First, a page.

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The useEffect hook can be useful for running code that should run anytime the state of a widget changes or a widget is interacted with. You can use it to do data fetching when a component mounts (by using it with waitForTask ) or keeping state in sync between an iframe and the widget.


useEffect(effect: () => (() => void) | void): void


effectA function that is executed whenever a widget's state is updated. If a function is returned by this function, the returned function will be called prior to running effects again.

Note: Because of How Widgets Run, this function should handle being called multiple times with the same state.


There are three main use cases of useEffect:

Initializing network or plugin API-dependent widget state

Rendering code is synchronous and should only depend on widget state - if you wish to initialize widget state using information from the network (eg. HTTP requests in an iframe) or using information about the file (eg. using figma.currentPage.selection) - you can do this in useEffect. After the widget has rendered for the first time, any callback to useEffect is executed. Code in the function passed to useEffect is able to update widget state and perform asynchronous tasks (when paired with waitForTask).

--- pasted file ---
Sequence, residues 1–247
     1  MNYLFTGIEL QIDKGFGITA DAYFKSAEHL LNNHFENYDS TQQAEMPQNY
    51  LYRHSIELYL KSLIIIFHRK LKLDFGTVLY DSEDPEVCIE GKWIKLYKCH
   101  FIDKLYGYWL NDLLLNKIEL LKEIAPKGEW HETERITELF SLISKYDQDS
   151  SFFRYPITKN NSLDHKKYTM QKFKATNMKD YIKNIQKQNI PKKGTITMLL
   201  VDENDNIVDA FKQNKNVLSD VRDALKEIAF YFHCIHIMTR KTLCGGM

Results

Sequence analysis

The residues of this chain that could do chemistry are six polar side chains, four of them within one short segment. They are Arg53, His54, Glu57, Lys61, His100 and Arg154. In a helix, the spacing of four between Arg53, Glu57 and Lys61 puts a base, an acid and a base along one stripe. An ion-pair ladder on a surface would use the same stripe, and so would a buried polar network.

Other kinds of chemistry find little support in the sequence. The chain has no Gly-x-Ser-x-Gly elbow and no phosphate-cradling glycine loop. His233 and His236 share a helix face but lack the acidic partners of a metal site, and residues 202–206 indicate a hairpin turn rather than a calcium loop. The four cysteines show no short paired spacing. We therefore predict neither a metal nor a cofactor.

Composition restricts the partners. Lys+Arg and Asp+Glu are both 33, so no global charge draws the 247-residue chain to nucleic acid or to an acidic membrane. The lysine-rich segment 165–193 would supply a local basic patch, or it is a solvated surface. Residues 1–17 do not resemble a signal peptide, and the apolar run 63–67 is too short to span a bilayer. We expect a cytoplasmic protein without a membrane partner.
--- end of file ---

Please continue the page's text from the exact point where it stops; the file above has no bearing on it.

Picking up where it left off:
Setting up figma.ui.onmessage handlers

You might have multiple calls to figma.showUI in various event handler (eg. onClick on various nodes or via usePropertyMenu actions) and want to consolidate message handling in one place. useEffect is a great place for this. Effects are guaranteed to have run before any event handler code is executed and after a widget re-renders (eg. in response to state changes).


Note: useEffect is called every time a widget's state is changed. This means that if you are setting up an event listener using figma.on you need to make sure that you remove the listener using in the function returned by your useEffect callback. not being called can lead to unexpected behavior where your code responds to an event multiple times.

useEffect event handler
const { widget } = figma
const { Text, useEffect } = widget

function EventHandlerExample() {
useEffect(() => {
const logSelection = () => {
figma.on('selectionchange', logSelection)
return () =>'selectionchange', logSelection)

return <Text>Event handler example</Text>


Consolidating state updating side-effects

Because useEffect callbacks are run whenever a widget state changes - they are good candidates for performing any side-effects. This is especially useful if you have multiple functions in your widget that might update a widget's state and you want to consistently trigger the same side-effects based the final widget's state.

Usage example

useEffect example
const { widget } = figma
const { Text, useEffect } = widget

function UseEffectExample() {
useEffect(() => {
console.log("useEffect callback called")

return <Text>useEffect example</Text>